The Lost Generation

Written by on August 10, 2018

I envisage our generation going down in history and grave as the generation that never brought any significant social change in Kenya, even the world!

In the late 1960s and 1990s students all over planet earth rose, stood for and fought for a variety of rights and freedoms and consequently liberated themselves from various forms of oppression and “slavery.”

They demanded equality,e.g., in the U.S.A they protested against segregation of the blacks and whites, you remember, whites went to more prestigious schools well equipped while Africans went to lesser prestigious schools and were not allowed to mingle with whites: even here in Kenya.

Students influenced political events.

They asked difficult yet very important questions and demanded explanations.

In Vietnam, they held protests and demonstrations against the War.

Students also protested against some “retrogressive traditional practices e.g. why women were looked down upon and denied certain jobs et cetera.

They demanded a change in government policies and laws.

They demanded academic freedom.

They also demanded economic freedom.

Civil rights were among their concerns as well.

They fought against poverty: their ideas and questions later shaped their respective nations futures.

They demanded conservation of the environment.

Social change: positive social change was their agenda as well.

They formed movements and groups.

Through these movements, they fought for the Students Power and ensured that they had it.T hey protested, demonstrated, they held marches, rallies, they did boycotts and even class boycotts.

Sincerely speaking, their roles and nonviolent struggle and fight can never go unnoticed in the fight and struggle for social change at a period when most states in the world were under dictatorial and tyrannical regimes/leadership.

They fought for democracy and other similar important notions. They were never scared nor intimidated, in fact, frustrations and intimidations gave them the moral, encouragement and motivation to fight even the more.

In 2012, Canada, Quebec, students demonstrated for four months at Montreal demanding a reduction to the ostensibly ever rising and increasing tuition fees.

1989, China Beijing at Tiananmen Square, students held the deadliest and bloody protest in the history of students activism. They liberated themselves and the nation against the oppressive Communist Party.

This to me was a rebellion with a worthy cause.

The so-called Tiananmen Square Massacre shaped China’s history. It not only brought positive social change and a more democratic state but also made China the second super-power nation in the world with an improved and better economy. (Am not asking Kenyan Students to get out there and be massacred).

In Kenya, Students with their lecturers, civil rights activists, religious leaders and other like-minded liberal citizens, ensured that Kenya became a plural state.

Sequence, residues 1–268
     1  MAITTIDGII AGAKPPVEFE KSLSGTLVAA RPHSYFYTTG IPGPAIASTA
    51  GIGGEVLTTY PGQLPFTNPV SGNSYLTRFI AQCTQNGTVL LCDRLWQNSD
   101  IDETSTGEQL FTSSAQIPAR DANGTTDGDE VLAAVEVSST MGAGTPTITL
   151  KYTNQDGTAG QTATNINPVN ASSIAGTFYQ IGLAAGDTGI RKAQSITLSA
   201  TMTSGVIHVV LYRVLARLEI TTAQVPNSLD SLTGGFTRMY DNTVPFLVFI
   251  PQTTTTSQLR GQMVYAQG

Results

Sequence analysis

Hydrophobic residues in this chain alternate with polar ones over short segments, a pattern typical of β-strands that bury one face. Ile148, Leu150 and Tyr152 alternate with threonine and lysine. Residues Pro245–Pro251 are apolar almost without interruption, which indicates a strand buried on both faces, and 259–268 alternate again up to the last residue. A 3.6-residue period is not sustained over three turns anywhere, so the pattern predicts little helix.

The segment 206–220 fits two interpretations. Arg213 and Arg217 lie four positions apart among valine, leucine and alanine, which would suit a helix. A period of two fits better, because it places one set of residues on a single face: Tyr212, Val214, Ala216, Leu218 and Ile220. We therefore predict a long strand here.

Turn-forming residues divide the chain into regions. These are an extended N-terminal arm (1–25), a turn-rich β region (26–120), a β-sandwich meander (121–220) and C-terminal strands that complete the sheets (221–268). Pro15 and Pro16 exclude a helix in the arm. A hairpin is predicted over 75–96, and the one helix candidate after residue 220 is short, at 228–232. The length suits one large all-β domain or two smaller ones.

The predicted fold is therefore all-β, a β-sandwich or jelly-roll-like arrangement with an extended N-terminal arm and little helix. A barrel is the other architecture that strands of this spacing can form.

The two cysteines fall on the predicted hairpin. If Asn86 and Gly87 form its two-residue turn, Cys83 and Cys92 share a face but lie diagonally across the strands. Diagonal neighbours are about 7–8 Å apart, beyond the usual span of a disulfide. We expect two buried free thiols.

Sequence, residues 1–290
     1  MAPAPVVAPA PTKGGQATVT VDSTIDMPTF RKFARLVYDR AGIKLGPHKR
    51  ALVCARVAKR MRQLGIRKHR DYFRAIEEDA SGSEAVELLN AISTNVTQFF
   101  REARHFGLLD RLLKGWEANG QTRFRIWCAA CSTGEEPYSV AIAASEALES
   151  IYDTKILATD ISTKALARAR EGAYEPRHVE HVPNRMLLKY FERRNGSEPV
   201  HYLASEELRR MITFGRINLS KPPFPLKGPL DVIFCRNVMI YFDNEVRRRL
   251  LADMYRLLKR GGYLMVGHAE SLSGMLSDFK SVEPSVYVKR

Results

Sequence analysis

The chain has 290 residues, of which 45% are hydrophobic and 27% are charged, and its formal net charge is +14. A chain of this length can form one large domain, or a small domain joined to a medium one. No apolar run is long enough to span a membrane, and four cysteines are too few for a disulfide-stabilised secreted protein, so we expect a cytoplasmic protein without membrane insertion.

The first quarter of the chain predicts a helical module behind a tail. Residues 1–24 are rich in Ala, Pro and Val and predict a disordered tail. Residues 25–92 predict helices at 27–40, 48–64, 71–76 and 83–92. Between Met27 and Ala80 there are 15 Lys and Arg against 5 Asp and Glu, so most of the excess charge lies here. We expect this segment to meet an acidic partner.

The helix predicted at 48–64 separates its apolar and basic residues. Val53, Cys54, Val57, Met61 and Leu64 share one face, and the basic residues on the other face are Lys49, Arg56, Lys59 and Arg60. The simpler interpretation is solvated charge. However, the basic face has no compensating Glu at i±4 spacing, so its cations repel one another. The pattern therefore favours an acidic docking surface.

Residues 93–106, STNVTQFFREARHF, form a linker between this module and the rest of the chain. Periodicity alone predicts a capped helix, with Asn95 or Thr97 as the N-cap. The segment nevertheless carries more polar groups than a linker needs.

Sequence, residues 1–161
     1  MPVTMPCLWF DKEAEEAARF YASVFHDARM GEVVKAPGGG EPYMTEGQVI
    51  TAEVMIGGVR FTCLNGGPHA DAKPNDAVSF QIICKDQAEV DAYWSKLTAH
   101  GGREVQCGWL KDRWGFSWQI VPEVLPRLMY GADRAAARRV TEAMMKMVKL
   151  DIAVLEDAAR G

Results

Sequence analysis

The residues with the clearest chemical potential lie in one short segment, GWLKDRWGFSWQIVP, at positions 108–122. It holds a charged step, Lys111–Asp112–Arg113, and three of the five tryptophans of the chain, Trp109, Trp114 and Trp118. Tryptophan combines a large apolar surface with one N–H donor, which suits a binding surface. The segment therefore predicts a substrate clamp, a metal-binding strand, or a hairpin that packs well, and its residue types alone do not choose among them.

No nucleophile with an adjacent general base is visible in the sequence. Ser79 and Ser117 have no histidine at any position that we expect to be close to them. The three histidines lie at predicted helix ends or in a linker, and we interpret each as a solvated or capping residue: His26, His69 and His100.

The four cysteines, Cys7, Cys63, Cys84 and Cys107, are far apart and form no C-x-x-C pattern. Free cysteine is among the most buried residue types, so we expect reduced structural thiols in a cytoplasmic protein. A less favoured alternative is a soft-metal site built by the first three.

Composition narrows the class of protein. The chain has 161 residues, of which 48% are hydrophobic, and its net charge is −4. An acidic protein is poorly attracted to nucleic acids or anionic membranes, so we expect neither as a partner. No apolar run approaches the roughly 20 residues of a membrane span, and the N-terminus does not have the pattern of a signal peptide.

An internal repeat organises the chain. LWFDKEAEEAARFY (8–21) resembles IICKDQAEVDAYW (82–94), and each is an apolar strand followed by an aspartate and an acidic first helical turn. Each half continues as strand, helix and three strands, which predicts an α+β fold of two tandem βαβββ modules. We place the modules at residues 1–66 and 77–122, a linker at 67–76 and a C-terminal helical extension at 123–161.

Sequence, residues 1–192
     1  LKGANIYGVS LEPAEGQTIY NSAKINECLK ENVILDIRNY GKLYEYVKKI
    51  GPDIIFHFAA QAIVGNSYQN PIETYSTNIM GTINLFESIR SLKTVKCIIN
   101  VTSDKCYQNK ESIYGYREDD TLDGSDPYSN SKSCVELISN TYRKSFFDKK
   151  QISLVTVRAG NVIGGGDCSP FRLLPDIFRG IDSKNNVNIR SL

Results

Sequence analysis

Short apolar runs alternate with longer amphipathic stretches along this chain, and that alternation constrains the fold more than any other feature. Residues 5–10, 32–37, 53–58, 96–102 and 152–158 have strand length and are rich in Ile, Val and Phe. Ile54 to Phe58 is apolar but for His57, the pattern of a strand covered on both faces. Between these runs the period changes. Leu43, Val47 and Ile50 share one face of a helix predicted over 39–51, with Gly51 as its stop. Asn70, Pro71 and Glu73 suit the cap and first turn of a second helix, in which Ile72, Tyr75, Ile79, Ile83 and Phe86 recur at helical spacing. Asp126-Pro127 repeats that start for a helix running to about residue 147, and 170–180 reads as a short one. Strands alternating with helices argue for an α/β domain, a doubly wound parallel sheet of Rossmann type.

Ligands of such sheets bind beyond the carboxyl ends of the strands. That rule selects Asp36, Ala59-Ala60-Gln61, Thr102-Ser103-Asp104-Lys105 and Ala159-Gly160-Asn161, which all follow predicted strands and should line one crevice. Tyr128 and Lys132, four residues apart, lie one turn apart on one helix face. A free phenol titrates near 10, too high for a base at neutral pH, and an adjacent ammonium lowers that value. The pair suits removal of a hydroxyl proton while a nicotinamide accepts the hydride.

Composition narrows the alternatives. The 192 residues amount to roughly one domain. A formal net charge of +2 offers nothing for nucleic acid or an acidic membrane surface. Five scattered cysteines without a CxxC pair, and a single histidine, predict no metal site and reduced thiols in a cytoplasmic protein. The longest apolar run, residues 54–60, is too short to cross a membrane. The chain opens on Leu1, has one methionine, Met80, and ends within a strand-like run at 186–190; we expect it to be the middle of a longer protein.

That generation was blessed.

They had revolutionary mindsets.

Their role models were people like Ernesto Che Guevara, Malcolm X, F Kennedy, Martin Luther King Jr among others.

In the recent past, we have noticed, regrettably the unprecedented decline in students activism, even upon infringement and violations of their rights.

They have, seemingly, resigned to the status quo of no lectures and remained silent when “their rights to education” is on the line.

We have remained mumm on the onset of oppression, dictation, violation of human rights, police brutality, unemployment, corruption, poor services et cetera.

We have remained silent, or simply just doing very little, a bit late, when our fellow students are being killed and massacred.

We have remained silent when our various Universities are being poorly managed. When we are being offered poor services with arrogant, rude and corrupt staffs.

We have remained silent on the rampant unnecessary missing marks.

We have remained silent upon the infringement and or reduction of our academic freedom and rights.

Silent on the shrunk democratic space.

We have reduced our influence and impact on important issues both in our universities and national level.

We have accepted to be rendered powerless and speechless.

We have accepted that we are helpless and hopeless.

We have signed that by remaining silent and rubber stamped it by our inactions.

We have not held a mega protest, march, rally or demonstration upon the violation of the dittos.

We haven’t.

We’ve not spoken.

Our Unity Is Crumbling, Our Spirit Fading, Our Strength Vanishing and The Comradeship Spirit Betrayed

Wake Up Comrades, Arise!!!

Behold, The Time Is Now!!!

We Must Reclaim Our Glory and Revive Our Strength and Energy.

We Must Stay True To The Comradeship Spirit.

Our Influence and Impact In our Various Institutions And The Nation In General Will and Should Feel The Students Impact on Various National Issues.

Peter Evans
Kenyatta University

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